If you’re not expecting much, then you may have set your expectations too high.
Hyperlinked, star mash-up romantic comedies have now become a staple of the cinematic calendar, taking us from Valentine’s Day through to New Year’s Eve. With studios rapidly running out of holidays to catapult willing Hollywoodians at, director Kirk Jones has turned to Heidi Murkoff and Sharon Mazel’s seminal field guide for for expectant mothers hoping to survive pregnancy. In the grand tradition of He’s Just Not That Into You, the non-fiction origins are transformed into a film that is operating without a medical licence.
What To Expect When You’re Expecting follows five couples in Atlanta who are on their way to becoming parents. Jules (Cameron Diaz), a television weight-loss host and Evan (Matthew Morrison) are a celebrity couple who hooked up on a dance show, only to find Jules is pregnant. Wendy (Elizabeth Banks) and Gary (Ben Falcone) are a long-term married couple who suddenly become pregnant after years of trying. Gary competes with his race-car driving father Ramsey (Dennis Quaid), who is married to the much younger, and also pregnant, Skyler (Brooklyn Decker). Then there’s cheese-truck operator Rosie (Anna Kendrick), who hooks up with former flame and fellow food-truckie Marco (Chace Crawford). Their brief encounter leaves Rosie craving more than cheddar. Meanwhile, Holly (Jennifer Lopez) and Alex (Rodrigo Santoro) prepare to adopt an Ethiopian child, although Alex isn’t ready.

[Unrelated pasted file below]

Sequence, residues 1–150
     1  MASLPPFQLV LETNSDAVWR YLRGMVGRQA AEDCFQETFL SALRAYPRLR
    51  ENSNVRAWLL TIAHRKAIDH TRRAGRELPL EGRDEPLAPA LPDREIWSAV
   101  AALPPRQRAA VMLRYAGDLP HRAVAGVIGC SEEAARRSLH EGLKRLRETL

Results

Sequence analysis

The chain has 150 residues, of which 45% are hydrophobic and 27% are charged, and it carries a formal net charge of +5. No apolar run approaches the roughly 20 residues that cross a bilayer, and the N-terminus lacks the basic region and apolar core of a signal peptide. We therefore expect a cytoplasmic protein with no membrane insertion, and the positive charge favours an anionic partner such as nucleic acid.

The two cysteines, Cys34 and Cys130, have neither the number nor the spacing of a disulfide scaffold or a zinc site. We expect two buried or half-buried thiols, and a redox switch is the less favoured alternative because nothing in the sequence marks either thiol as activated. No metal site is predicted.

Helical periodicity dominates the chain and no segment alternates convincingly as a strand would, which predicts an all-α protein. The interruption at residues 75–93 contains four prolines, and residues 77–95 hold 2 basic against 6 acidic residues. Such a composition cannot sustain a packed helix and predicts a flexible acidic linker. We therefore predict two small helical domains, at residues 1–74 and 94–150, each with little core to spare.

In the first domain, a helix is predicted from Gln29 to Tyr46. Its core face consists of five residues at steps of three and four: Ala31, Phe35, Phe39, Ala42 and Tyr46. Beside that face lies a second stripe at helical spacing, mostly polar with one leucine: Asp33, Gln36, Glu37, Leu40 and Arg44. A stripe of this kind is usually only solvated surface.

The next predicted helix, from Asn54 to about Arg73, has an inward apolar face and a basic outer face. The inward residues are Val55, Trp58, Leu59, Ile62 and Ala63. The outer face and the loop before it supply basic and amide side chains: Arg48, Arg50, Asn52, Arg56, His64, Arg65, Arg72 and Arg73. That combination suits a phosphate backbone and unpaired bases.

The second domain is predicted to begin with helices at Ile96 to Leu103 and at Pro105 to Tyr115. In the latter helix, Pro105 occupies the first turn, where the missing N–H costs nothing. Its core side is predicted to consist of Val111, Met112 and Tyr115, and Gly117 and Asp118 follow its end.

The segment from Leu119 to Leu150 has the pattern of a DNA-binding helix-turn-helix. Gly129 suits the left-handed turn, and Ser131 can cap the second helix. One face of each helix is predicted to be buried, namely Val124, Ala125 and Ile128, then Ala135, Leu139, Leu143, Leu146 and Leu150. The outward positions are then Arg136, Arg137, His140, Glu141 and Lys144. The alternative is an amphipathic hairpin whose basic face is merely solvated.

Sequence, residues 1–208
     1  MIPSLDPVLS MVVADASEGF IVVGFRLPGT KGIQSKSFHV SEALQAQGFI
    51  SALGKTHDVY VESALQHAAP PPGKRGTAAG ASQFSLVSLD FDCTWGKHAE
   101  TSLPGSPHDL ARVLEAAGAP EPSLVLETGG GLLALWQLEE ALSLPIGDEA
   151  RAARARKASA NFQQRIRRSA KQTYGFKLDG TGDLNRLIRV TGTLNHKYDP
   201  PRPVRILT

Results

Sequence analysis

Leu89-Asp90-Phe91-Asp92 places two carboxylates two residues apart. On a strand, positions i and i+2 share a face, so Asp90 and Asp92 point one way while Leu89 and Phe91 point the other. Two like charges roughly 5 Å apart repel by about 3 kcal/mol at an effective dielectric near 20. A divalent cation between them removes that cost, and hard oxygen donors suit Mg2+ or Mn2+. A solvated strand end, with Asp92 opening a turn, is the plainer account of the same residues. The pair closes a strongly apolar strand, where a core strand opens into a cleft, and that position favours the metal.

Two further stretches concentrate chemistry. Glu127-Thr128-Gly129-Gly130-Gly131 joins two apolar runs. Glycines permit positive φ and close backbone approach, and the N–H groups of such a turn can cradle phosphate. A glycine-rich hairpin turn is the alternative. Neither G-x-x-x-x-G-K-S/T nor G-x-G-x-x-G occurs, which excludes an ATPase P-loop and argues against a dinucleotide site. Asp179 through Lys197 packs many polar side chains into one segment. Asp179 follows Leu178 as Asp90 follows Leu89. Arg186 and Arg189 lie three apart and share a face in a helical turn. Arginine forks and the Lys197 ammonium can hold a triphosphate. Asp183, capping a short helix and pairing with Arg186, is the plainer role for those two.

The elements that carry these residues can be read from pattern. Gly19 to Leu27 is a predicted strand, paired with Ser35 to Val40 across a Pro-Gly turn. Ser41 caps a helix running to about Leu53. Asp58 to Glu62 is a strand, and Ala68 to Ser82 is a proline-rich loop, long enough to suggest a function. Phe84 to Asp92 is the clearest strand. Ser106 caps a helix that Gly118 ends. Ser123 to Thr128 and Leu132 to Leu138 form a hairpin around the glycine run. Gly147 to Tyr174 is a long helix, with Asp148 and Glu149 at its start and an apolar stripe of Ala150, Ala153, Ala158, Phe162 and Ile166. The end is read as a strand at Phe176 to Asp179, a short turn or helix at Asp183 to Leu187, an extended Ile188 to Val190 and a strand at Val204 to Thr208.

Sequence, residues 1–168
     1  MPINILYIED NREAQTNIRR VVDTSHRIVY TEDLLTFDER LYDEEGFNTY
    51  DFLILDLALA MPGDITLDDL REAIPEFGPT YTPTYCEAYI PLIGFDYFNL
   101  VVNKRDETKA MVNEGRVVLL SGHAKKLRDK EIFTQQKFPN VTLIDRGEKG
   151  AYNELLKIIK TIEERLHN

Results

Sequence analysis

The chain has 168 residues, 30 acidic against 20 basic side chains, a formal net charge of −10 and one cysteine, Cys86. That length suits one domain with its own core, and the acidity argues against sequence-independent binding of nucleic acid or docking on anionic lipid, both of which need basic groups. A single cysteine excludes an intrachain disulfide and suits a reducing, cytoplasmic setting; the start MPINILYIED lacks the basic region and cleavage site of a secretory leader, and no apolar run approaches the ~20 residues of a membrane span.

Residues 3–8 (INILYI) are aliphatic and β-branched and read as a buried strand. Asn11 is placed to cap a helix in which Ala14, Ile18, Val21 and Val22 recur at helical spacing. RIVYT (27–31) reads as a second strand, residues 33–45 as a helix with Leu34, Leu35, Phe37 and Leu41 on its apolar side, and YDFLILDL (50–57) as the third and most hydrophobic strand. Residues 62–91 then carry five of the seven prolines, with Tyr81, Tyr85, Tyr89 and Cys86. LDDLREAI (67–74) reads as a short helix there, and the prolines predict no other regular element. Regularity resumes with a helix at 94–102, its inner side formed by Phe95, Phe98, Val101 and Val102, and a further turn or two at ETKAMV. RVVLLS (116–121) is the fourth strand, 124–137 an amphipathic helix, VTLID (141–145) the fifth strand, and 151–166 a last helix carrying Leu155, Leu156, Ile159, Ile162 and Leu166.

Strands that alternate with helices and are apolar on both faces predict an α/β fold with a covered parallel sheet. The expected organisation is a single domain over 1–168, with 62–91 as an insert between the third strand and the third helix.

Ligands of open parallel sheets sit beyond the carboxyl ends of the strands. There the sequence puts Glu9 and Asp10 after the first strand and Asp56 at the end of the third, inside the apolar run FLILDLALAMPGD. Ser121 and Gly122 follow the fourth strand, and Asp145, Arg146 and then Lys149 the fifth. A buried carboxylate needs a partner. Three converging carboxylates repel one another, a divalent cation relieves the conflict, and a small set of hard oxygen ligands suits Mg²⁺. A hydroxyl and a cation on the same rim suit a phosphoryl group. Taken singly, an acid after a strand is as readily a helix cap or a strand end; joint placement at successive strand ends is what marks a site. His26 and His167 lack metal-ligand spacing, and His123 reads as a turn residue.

The sense of urgency created by What To Expect When You’re Expecting has nothing to do with pending childbirth, but rather the sheer number of narratives flying about. Most films would struggle with making a compelling story out of a single pregnancy let alone five, but here we have at least three stories too many. Case in point is the Anna Kendrick and Chace Crawford’s storyline, which actually wraps up less than halfway through the film. The pair have very little to do except meander through familiar plot points, adrift without a central spiel to hang onto. Worse still is the suggestion that without the titular expectation, there is no corresponding happiness for this pair of hipsters.
Other fragments fare slightly better, with at least one amusing scene from Elizabeth Banks breaking down at a motherhood expo. Similarly, the rivalry between Quaid and Falcone should have served as the basis for its own film, and would have been much funnier as a result. Yet it is the “Dude’s group”, a collection of fathers who live by their own code, who have the only chuckles. Chris Rock spins his take on daddyhood in familiar tones, and Rob Huebel and Thomas Lennon compliment him nicely. Yet this too suffers from the rest of the film’s inconsequential staging, with True Blood‘s Joe Manganiello only cast to run through shirtless from time to time. At least when Jennifer Lopez infrequenly shows up, we get to go to Africa.
Ultimately meaningless, the film borders on the offensive at the suggestion happiness for women is only achieved through a union and a baby. Automated writing at best, it is unlikely writers Shauna Cross and Heather Hach had to do much beyond come up with scenarios, and a random sample bag was chosen. Original author Heidi Murkoff has been criticised for writing a guidebook without any medical training, where the film can be more simply reprimanded for running without a responsible adult present.
What to Expect When You’re Expecting is released in Australia on 31 May 2012 from Roadshow Films.